It was the year that we landed on a comet and launched a new era in NASA space exploration, turned to science to find a possible cure for Ebola, made robots and drones topics of everyday conversation and watched as Silicon Valley continued its rapid transition to the wearable computing revolution. The year's big start-up was Uber, which seemed to dominate tech headlines globally for reasons good and bad, while established Silicon Valley companies such as Facebook generated attention for their visionary plans to get every human in the world online.
Here are the best innovations of the year and what made them so special:
1. NASA's Orion spacecraft, for opening a new era of manned space travel
At the beginning of December, the launch of NASA's Orion spacecraft unofficially marked "Day One of the Mars era." While the total time Orion spent in space before splashdown back on Earth was short - about 4 1/2 hours - the spacecraft flew farther from Earth than any other spacecraft designed for humans in more than 40 years. NASA says that by 2021, it could start crewed test flights aimed at putting astronauts on space trips to Mars or nearby asteroids.
And it wasn't just NASA turning heads and getting people talking about the next era of space exploration. Perhaps the most talked-about space adventure was the landing of Philae on the surface of the Rosetta comet by the European Space Agency after a 10-year odyssey in space. Not only was the Rosetta landing an historic technical achievement, but it also might end up offering clues to the beginnings of life on Earth. India, too, made headlines with its first orbiter to Mars, while NASA's Curiosity rover continued to send back images and data from the red planet.
2. Apple Watch, for taking wearable computers mainstream
Apple's launch of a smartwatch had been rumored for so long, it seemed almost impossible that the tech giant would meet expectations when the Apple Watch was finally announced in September. And, yet, while Apple won't be the first to market with a new smartwatch, it may be the best to market. The gadget, expected to go on sale in early 2015, is stunning in its appearance and technological sophistication, offering Apple users the ability to make mobile payments with a wave of the wrist.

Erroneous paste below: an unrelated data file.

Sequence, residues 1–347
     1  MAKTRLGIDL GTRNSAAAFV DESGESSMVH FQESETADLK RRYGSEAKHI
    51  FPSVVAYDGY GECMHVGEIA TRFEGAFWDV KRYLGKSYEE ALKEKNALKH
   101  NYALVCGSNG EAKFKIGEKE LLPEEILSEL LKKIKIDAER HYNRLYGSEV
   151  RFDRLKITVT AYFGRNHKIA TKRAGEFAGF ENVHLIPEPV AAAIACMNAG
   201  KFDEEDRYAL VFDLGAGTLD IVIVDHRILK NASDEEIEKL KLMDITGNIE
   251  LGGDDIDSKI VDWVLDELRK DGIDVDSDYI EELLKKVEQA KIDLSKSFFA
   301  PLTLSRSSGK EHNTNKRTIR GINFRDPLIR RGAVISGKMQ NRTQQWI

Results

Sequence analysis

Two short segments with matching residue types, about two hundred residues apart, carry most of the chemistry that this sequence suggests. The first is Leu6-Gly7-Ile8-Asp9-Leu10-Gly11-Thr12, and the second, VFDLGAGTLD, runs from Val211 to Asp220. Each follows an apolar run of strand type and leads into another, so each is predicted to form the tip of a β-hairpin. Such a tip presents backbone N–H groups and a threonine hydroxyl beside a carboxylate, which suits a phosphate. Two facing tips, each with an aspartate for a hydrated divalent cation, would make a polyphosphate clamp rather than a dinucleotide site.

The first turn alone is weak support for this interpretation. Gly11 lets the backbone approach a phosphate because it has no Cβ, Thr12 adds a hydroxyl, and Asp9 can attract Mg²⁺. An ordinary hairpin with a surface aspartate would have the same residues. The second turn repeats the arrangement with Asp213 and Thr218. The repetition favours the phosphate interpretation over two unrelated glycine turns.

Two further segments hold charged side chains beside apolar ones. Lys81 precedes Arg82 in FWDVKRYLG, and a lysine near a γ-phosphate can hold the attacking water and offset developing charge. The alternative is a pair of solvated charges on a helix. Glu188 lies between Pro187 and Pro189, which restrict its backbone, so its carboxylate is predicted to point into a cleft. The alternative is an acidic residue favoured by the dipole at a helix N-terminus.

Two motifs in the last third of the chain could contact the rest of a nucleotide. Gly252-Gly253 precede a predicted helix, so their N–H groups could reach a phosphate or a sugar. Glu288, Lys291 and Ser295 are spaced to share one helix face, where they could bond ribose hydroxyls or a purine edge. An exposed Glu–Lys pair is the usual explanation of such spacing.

Wearable computing is the hottest area of Silicon Valley, and the field seems to be on the cusp of a true breakout moment in 2015. Google Glass, despite its rocky road to market, could be one of next year's big stories. And there are plenty of other tech companies preparing wearable entries, as well as potential partnerships with companies such as Nike.
3. ZMapp, for offering clues to a potential cure for Ebola
In the scramble to find a cure for the Ebola virus, medical innovators turned to the cutting edge of experimental research to find treatments that could slow, or perhaps stop, the outbreak in West Africa. For now, the best candidate appears to be ZMapp, a cocktail of monoclonal antibodies developed by researchers at San Diego-based Mapp Biopharmaceutical. In one experiment, ZMapp appeared to stop the spread of the virus in monkeys within five days of infection. Although the drug had not been tested in humans before 2014, it was given to several victims of the Ebola virus.
This is a bold start of a new era in virology, in which medical innovators must accept that viruses such as Ebola are not random black swan moments, but rather events with familiar patterns that can be tracked and stopped. This will require new thinking about how to attack viruses, as well as a potential reevaluation of the costs that society is willing to endure to bring treatments to market. As in the case of ZMapp and Ebola, it may mean speeding up the trial period or forgoing certain testing in order to get a treatment into the hands of more people.
4. Lockheed Martin's concept for a compact nuclear fusion reactor, for re-imagining the future of energy
This year's big breakthrough in energy was the announcement by researchers at defense giant Lockheed Martin that they were getting closer to finding a way to channel nuclear fusion in a bold new way. Rather than construct huge buildings to make a nuclear reactor, the goal is to create a compact nuclear reactor that can sit on the back of an 18-wheel truck or on the wing of an airplane. In short, the same types of powerful nuclear fusion reactions that power the sun could also power new forms of transportation or, potentially, entire cities.
That has huge ramifications. Imagine a new era in energy in which the costs are pushed down so dramatically that airplanes stay aloft for what seems like an infinite period of time. Of course, there are the skeptics and naysayers who can't imagine how nuclear reactors could be made that small. Yet, Lockheed Martin says that it might be possible to see a prototype within five years and a compact nuclear reactor within the next decade.
5. Samsung Gear VR, for bringing virtual reality to the masses
The release of the device, powered by Oculus, might take virtual reality mainstream. Already, there have been announcements of new apps and other offerings for Gear VR, including gaming and experiential content, as well as new types of films made using virtual reality technology. The Samsung Gear VR device, while still in the experimental "Innovator Edition," is a test case for whether there is a robust consumer market for an affordable tech device that offers an immersive, 360-degree experience.